“If those people there who normally vote like a 100 percent Democrat vote for the Republican, that's a message. And I believe it's going to happen tomorrow. And I hope it has an impact on the president.”

-- Former New York Mayor Ed Koch talking to FOX News about the special election to fill the seat vacated by disgraced Rep. Anthony Weiner.

There are two special House elections being held. Both are necessitated by the sexual misadventures of former members of Congress and both will give us a good snapshot of how the 2012 landscape.

The race to replace Rep. Anthony Weiner, who quit the House after sending around pictures of his eponymous organ, is getting the most attention because it is the most surprising. A heavily Democratic, New York City district represented previously by one of the most outspoken liberals in Congress is not supposed to see a photo finish.

But a combination of deep dissatisfaction with President Obama, opposition to the recent gay marriage law in New York by the district’s considerable population of Orthodox Jews and a well-suited Republican candidate have set the stage for one of the most unlikely seat flips in years.

Democratic Assemblyman David Weprin has trailed Republican businessman Bob Turner in recent polls and prompted a belated rescue effort by national Democrats. A loss here would be a particular embarrassment for the sitting president and might dampen fundraising. It would also be a sign that Jewish voters in Florida and elsewhere are willing to stay away from the polls to punish Obama for his cold shoulder to Israel.

More consequential for the 2012 election, though, is the contest in Nevada. The 2nd District is just the kind of place where President Obama needs to perform well – at least as well as he did in 2008 – in order to win re-election.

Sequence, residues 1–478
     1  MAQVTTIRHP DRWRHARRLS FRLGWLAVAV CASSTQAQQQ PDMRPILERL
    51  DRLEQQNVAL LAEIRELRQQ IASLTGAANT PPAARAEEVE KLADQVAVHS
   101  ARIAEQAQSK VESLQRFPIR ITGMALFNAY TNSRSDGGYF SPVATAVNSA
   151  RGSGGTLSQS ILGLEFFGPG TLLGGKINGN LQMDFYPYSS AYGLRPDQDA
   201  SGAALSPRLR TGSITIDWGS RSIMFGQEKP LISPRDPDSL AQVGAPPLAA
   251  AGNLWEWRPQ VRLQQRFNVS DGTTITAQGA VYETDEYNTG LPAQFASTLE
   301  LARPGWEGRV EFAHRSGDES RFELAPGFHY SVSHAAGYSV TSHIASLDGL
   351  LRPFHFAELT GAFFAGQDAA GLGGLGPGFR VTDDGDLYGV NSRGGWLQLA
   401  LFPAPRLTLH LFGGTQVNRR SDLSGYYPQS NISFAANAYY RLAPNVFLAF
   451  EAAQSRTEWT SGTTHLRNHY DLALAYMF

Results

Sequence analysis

The Obama campaign’s western strategy calls for winning Nevada, Colorado and New Mexico through a combination of Hispanic support and young voters. It worked in the 2nd District in 2008 when the traditionally Republican district, which covers most of the state outside of Las Vegas and its suburbs, went for John McCain by less than 1,000 votes. That was close enough to give Obama the win with his heavy support inside of Clark County.

The seat is vacant because former Rep. Dean Heller was appointed to the Senate to replace former Sen. John Ensign who had to quit when it was found out that paid hush money to cover up the fact that he was having special sessions with the wife of one of his top aides.

The contest today is between former Republican state Sen. Mark Amodei and current Democratic State Treasurer Katie Marshall and will provide a good measure of how the Obama Democrats are playing in the West. The attacks and defenses have been mostly by the book – centering on entitlement reform and the economy.

Polls show Amodei with a wide lead over Marshall, despite her being elected statewide last year and starting with higher name recognition. A big loss here would be a matter of serious concern for the Obama campaign.

Bachmann Whacks Perry After Romney Misses

“To have innocent little 12-year-old girls be forced to have a government injection through an executive order is just flat out wrong.”

-- Rep. Michele Bachmann, R-Minn., at the CNN/Tea Party Express debate.

The game didn’t change in the Republican presidential debate in Tampa, but it certainly intensified.

Rick Perry was on his way to having a knockout performance (best line of the debate: “People are tired of spending money we don’t have on programs we don’t want.”) but then lost his footing about halfway through. For the first half, he was funny, feisty and warm. For much of the second half, he struggled to deal with the barrage from his fellow candidates.

And that’s pretty much how this race is shaping up. Perry got the better of his exchange with Romney on the issue of Social Security, but then found himself beset by attacks from the rest of the field.